Annual Firearms Safety Memorandum

Dear Parents and Guardians,

The State Deputy Superintendent, Rachael Maves, has asked District and Charter Leaders to remind Parents and Guardians of their responsibilities for keeping firearms out of the hands of children as required by California law.

Please take the time to read the important memo below.

Sincerely,

Erin Feeley, Executive Director

The purpose of this memorandum is to inform and to remind parents and legal guardians of all students at Bella Mente Montessori Academy of their responsibilities for keeping firearms out of the hands of children as required by California law.

To help everyone understand their legal responsibilities, this memorandum spells out California law regarding the storage of firearms. Please take some time to review this memorandum and evaluate your own personal practices to assure that you and your family are in compliance with California law.

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California makes a person criminally liable for keeping a loaded firearm, under their custody and control, where that person knows or reasonably should know that a child is likely to gain access to the firearm without the permission of the child’s parent or legal guardian and the child obtains access to the firearm and thereby: (1) causes death or great bodily injury to the child or any other person; (2) carries the firearm to a public place, including to any preschool or school grades kindergarten through twelfth grade, including to any school-sponsored event, activity, or performance; or (3) brandishes a firearm to others. The criminal penalty may be greater if someone dies or suffers great bodily injury as a result of the child gaining access to the firearm.[1]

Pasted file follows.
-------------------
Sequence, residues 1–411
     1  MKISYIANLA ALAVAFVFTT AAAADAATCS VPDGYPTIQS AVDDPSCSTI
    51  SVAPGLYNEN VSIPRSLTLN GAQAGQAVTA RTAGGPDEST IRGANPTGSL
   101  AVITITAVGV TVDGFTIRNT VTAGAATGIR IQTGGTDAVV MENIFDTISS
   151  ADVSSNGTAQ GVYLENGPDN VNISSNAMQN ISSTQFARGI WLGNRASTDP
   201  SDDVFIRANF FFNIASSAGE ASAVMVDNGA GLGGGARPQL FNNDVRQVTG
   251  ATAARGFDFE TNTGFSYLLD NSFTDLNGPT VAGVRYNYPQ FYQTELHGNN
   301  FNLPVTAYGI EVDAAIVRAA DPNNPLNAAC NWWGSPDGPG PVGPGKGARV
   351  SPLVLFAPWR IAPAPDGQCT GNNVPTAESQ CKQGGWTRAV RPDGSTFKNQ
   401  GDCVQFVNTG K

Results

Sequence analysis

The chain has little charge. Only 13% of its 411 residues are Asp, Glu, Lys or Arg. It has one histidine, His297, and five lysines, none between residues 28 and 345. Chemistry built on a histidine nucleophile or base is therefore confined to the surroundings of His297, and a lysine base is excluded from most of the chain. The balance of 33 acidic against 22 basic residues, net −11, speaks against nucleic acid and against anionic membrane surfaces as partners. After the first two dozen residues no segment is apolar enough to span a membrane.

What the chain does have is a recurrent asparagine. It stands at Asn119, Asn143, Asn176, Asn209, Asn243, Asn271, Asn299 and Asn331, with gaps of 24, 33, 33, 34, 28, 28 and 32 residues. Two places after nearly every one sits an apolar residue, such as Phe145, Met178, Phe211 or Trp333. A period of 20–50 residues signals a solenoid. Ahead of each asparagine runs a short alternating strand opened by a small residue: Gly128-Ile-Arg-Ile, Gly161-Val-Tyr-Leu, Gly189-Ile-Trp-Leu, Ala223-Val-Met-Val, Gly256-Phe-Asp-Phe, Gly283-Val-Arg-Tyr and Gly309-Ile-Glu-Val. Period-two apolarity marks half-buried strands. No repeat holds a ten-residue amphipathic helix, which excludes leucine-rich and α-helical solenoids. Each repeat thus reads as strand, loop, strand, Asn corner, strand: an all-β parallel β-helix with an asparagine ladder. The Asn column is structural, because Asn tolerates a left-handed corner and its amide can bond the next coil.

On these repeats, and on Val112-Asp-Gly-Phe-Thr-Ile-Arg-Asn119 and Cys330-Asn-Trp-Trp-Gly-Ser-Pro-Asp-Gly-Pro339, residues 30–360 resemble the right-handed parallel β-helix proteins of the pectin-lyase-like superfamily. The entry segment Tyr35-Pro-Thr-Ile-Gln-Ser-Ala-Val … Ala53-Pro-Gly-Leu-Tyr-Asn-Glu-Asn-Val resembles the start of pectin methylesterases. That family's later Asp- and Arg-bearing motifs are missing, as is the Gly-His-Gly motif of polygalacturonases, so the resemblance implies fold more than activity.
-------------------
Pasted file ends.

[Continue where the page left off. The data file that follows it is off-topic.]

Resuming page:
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As of 2014, California makes a person criminally liable if they negligently store or leave any loaded firearm on their premises where a child is likely to gain access to it—regardless of whether or not the child brings the gun to a public place.1

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A parent or guardian may also be civilly liable for damages resulting from the discharge of a firearm by that person’s child or ward. These damages may be up to $30,000 per victim.[2]

Note: Gun owners may avoid criminal liability under California Penal Code Section 25100 by keeping their firearm in a locked container or secured with a locking device that renders the firearm inoperable.[3]

Thank you for helping to keep our children and schools safe. Remember that the easiest and safest way to comply with the law is to keep firearms in a locked container or secured with a locking device that renders the firearm inoperable.

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[1] See California Penal Code sections 25100 through 25125; 25200 through 25220.

[2] See California Civil Code Section 1714.3.

[3] See California Penal Code sections 25105; 25205.